PRESIDENT Robert Mugabe, sworn in for a seventh-consecutive term in office on Thursday last week, faces the unenviable task of pulling Zimbabwe out of the doldrums.
It is certain that how he performs in the next five years will make a lasting impression on his legacy that so far has been filled with several twists and turns of high and low points.
President Mugabe, who turns 90 next February, will now need to use all the political wit and acumen he has accumulated over the past 33 years at the helm of government to deal with a plethora of challenges that plague the country.
These include an economy in recession, pleasing an agitated public service, courting foreign investors and creating jobs for unemployed youths.
Estimates from the United Nations put the rate of unemployment in Zimbabwe at over 80 percent of the national population — with youths bearing the greatest brunt.
The myriad of challenges threaten to overshadow President Mugabe’s entry onto the political stage as the newly-elected Prime Minister of an independent Zimbabwe in 1980, an event which was celebrated with high hope, pomp and fanfare.
Handlers in ZANU-PF deliberately tried to “re-create” President Mugabe’s inauguration last week along the theme of 1980.
The celebratory mood of independence in 1980 was, however, short-lived in the mid 1980s as the Gukurahundi killings in the Matabeleland and Midlands provinces tarnished President Mugabe’s early years in office — when nearly 20 000 people were killed.
Economic challenges which followed in the 1990s brought about by the implementation of the World Bank’s recommended Economic Structural Adjustment Programme was widely seen by political observers as the catalyst that sparked political and civil unrest in the country, which eventually culminated into the political tug-of-war that dominated Zimbabwe at the turn of the new millennium in 2000.
The height of political contestation between President Mugabe’s ZANU-PF and Morgan Tsvangirai’s Movement for Democratic Change (MDC-T) led to a deeply flawed election in 2008 and was the impetus to the formation of the government of national unity in February 2009.
President Mugabe routed his rival from the MDC-T in the July 31 election and won 61 percent of votes, against Tsvangirai’s 33 percent of the 3,4 million votes cast.
His win was roundly praised by most African countries but was unsurprisingly frowned upon by the West which held out “grave concerns” over the conduct of the election.
The West’s reservation over the poll is now certain to see the tightening of screws and maintenance of sanctions imposed on President Mugabe and ZANU-PF’s inner circle for the next five-years, a stance which does not augur well for prospects of attracting foreign interest.
The United States last week indicated that it would not lift sanctions imposed against President Mugabe and snubbed calls by the Southern African Development Community (SADC) to have the decade-long sanctions removed.
In traditional rhetoric, President Mugabe began his new five-year term in office by launching an attack on the West that questioned his victory and promised in retaliation, that his ZANU-PF would now step up its election promise to roll-out the 51 percent indigenisation programme, which targets foreign-owned companies.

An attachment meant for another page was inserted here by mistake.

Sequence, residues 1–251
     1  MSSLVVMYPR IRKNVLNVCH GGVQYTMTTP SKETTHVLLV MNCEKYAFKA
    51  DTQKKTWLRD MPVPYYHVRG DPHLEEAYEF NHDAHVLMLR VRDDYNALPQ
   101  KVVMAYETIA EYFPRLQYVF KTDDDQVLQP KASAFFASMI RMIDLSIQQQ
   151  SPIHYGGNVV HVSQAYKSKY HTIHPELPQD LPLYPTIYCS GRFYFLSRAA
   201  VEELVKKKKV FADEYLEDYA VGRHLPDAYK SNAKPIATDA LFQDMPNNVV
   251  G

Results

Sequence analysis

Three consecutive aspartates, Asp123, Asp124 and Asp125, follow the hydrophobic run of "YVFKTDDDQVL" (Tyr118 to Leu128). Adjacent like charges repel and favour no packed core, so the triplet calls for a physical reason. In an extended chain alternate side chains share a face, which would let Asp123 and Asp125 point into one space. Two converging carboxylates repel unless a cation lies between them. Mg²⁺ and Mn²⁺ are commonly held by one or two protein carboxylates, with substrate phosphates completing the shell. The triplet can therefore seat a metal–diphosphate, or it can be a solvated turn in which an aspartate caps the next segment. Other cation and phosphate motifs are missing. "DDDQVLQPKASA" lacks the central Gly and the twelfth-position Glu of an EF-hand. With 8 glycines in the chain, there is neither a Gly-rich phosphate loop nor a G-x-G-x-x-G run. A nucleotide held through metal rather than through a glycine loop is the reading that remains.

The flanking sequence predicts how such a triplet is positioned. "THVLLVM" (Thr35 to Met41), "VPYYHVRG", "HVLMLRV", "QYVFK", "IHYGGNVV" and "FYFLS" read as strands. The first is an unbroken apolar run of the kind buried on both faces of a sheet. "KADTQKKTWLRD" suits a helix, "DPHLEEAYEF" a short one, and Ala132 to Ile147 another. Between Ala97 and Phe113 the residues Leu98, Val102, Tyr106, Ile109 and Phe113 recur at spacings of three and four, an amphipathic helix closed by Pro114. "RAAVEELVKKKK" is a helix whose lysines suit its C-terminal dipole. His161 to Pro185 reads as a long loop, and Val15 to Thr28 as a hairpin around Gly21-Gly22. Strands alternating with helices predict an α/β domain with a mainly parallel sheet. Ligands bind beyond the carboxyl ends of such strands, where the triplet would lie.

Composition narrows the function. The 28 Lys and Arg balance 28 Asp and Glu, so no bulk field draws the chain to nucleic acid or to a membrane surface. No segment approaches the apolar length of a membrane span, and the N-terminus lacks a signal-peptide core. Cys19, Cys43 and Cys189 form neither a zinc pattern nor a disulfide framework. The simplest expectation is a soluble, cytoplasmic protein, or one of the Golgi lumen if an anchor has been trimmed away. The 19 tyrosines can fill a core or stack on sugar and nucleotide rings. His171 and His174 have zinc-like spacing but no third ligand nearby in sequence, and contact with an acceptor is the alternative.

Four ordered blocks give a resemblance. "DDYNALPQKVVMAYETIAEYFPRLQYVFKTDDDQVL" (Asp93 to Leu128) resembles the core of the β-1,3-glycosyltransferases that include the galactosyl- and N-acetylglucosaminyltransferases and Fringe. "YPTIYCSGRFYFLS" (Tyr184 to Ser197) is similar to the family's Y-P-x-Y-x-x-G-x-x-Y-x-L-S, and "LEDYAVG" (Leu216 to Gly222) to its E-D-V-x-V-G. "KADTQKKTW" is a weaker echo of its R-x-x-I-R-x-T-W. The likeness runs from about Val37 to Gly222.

“As for the odd Western countries who happen to hold a different, negative view of our electoral process… we dismiss them as the vile ones whose moral turpitude we must mourn,” said President Mugabe in his inaugural address.
Rashweat Mukundu, chairperson of the Zimbabwe Democracy Institute, said one of President Mugabe’s challenges was to manage a hostile international community and he has to work hard at normalising the frosty relations.
“While President Mugabe is digging in on his relationship with the West, he needs to be reminded that Zimbabwe is an invisible dot in world affairs and cannot do anything to the powerful Western countries and is better advised to seek a resolution than to prolong the fight,” said Mukundu.
“The ZANU PF government has promised a lot which is near impossible to fulfil and the party is distracted by the succession issue. By claiming this huge electoral victory, ZANU-PF has also put itself in a trap as the party will be judged harshly by voters.”
Other political obse-rvers said the inaugural speech delivered by President Mugabe reflected realism and showed a consciousness of the key domestic expectations upon the new government.
Trevor Maisiri, a senior analyst with the Interna-tional Crisis Group, said the biggest challenge for President Mugabe’s government was more about economic deliverables than anything else.
“Forget issues of legitimacy and issues of the MDC-T party challenges. The economy is the battleground this time around. The biggest challenge for President Mugabe is that even his own supporters are expecting miracles out of this economy in order for them to substantiate his legacy based on the capacity to fulfil his promises made during the election campaign period,” said Maisiri.
A top official at AfrAsia Kingdom Bank said so much of the country’s future depended on who gets the key economic postings in the new Cabinet.
“The market seems to be looking for firm leadership,” said the banking official.
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